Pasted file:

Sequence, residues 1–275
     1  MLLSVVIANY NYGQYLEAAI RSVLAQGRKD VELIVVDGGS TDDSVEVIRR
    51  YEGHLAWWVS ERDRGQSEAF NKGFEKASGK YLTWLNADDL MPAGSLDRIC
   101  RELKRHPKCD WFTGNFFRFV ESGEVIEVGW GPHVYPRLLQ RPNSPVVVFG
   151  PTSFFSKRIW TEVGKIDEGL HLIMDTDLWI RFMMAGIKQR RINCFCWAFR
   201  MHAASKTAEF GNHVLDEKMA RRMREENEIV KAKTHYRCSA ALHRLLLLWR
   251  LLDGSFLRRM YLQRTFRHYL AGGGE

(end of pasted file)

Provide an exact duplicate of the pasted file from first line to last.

Sequence, residues 1–275
     1  MLLSVVIANY NYGQYLEAAI RSVLAQGRKD VELIVVDGGS TDDSVEVIRR
    51  YEGHLAWWVS ERDRGQSEAF NKGFEKASGK YLTWLNADDL MPAGSLDRIC
   101  RELKRHPKCD WFTGNFFRFV ESGEVIEVGW GPHVYPRLLQ RPNSPVVVFG
   151  PTSFFSKRIW TEVGKIDEGL HLIMDTDLWI RFMMAGIKQR RINCFCWAFR
   201  MHAASKTAEF GNHVLDEKMA RRMREENEIV KAKTHYRCSA ALHRLLLLWR
   251  LLDGSFLRRM YLQRTFRHYL AGGGE